BWW Review: Desert Rose's VANYA & SONYA & MASHA & SPIKE is Brilliantly Presented.
Bipolar Sonia (Adina Lawson)

Adina Lawson shows her usual depth in portraying Sonia's mood swings between anger and self-pity, and eventually, joy. She plays Sonia with honest energy (as my acting teacher would say), maturing from an overgrown child to a middle-aged, almost adult over the course of the play. Heather Brendel plays Masha, the narcissistic actress, as a woman who, in her own way, has as much trouble expressing her emotions appropriately as her sister, Sonia. During the second act, there is a perfectly played scene, both touching and hilarious, in which both the sisters cry. Alma Lacy (Cassandra, the aptly named psychic maid), a master at physical comedy, comes across as a hilarious steel magnolia, with her thick Southern accent and imperious manner. The scene where she performs a voodoo ritual is priceless.

The costumes, set, and lighting all contribute to the production's atmosphere. When Mr. Strait comes onstage dressed in a ridiculous outfit for the neighbor's costume party (no, I won't give away what kind of a costume), the moment is sublime. The living room set contains rattan furniture and a bannister made of tree branches. The paintings, afghans, and curtains all evoke a haimish, rustic home decorated decades years before and never touched.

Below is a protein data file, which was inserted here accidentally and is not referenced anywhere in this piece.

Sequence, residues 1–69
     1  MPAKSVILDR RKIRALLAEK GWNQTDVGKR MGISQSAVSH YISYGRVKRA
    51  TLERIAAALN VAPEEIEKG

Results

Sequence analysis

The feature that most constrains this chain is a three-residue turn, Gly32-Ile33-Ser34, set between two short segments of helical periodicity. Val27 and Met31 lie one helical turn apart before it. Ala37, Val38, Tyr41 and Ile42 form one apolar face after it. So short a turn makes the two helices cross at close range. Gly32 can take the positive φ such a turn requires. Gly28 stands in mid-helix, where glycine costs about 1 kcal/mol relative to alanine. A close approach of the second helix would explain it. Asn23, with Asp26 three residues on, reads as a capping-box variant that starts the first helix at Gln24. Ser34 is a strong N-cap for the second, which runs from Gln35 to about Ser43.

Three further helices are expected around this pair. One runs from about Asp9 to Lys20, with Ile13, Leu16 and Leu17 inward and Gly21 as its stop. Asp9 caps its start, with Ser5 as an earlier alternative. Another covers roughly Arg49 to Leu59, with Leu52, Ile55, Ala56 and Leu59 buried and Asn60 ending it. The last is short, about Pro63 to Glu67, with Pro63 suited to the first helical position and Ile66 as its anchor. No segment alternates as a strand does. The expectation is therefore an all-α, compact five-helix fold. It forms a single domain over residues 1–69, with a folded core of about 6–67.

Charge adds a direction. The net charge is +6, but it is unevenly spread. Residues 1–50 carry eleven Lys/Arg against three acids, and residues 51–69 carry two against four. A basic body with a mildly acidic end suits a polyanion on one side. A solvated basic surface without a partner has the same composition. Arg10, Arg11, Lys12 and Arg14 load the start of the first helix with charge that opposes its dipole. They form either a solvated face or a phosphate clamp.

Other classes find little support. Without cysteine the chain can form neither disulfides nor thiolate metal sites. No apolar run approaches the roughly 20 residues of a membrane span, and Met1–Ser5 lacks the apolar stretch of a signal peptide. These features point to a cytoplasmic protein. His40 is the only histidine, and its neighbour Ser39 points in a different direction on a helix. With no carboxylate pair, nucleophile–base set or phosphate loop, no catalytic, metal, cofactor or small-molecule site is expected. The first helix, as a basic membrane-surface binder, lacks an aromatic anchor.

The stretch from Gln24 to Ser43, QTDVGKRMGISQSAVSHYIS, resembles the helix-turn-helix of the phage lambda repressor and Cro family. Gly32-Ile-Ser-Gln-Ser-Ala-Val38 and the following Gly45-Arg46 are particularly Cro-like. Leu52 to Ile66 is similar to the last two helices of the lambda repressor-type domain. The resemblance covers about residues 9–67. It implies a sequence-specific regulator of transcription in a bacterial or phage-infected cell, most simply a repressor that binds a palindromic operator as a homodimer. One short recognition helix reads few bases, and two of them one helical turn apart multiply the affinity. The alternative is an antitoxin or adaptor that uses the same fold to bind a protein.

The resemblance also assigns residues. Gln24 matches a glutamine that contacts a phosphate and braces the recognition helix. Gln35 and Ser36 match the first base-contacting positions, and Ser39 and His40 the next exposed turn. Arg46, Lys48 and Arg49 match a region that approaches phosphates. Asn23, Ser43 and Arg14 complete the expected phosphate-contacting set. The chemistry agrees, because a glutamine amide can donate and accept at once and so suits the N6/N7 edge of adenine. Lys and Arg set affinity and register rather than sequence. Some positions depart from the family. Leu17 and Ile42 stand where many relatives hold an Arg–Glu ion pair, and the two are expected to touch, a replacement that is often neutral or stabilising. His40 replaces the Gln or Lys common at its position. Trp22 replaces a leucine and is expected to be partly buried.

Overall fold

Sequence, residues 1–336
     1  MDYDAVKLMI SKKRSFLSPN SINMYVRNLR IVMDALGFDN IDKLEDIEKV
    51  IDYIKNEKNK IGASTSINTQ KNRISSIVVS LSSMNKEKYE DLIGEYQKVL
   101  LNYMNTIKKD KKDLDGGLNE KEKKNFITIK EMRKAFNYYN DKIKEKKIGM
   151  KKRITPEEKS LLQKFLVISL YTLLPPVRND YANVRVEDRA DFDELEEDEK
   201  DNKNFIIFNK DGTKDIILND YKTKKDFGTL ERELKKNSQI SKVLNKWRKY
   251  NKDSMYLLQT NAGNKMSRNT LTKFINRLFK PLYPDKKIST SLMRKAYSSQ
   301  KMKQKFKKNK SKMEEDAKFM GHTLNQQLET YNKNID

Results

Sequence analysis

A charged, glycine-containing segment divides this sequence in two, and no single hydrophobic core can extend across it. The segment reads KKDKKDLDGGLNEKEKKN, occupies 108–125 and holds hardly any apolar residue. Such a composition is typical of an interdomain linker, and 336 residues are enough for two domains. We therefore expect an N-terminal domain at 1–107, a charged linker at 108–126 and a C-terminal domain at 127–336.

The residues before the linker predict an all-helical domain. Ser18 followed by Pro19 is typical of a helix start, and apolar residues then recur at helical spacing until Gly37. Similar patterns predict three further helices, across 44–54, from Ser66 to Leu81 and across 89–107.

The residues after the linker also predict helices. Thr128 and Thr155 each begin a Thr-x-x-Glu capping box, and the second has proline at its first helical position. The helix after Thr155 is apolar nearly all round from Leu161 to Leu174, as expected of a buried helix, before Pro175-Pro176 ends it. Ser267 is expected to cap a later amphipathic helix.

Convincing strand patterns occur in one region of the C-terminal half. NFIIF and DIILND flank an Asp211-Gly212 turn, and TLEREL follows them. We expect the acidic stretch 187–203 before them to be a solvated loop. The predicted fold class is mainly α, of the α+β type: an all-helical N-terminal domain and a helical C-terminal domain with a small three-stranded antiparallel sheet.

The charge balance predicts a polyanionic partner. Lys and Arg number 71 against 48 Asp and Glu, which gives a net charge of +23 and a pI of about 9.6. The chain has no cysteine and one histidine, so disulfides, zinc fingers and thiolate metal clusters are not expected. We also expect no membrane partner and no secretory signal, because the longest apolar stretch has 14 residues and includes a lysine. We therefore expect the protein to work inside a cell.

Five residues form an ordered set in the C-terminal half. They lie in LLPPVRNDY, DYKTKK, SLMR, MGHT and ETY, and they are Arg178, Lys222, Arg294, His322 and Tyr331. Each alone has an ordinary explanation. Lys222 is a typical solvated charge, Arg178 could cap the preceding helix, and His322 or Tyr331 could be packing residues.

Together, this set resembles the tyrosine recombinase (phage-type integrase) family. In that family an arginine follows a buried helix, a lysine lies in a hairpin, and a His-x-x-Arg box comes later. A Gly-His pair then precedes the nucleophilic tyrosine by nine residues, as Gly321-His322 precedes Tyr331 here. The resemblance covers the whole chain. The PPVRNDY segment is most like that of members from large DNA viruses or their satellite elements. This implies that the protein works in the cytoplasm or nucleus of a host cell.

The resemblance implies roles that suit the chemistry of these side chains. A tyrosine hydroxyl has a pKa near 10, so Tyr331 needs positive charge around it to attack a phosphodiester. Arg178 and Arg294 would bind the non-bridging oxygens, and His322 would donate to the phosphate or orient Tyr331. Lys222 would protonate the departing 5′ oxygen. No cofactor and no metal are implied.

Although Desert Rose pays each performer a small stipend, it is technically a community theatre. Nevertheless, this polished production is worthy of a professional company, in the way it mixes tragedy with humor. Don't miss this production of VANYA & SONIA & MASHA & SPIKE.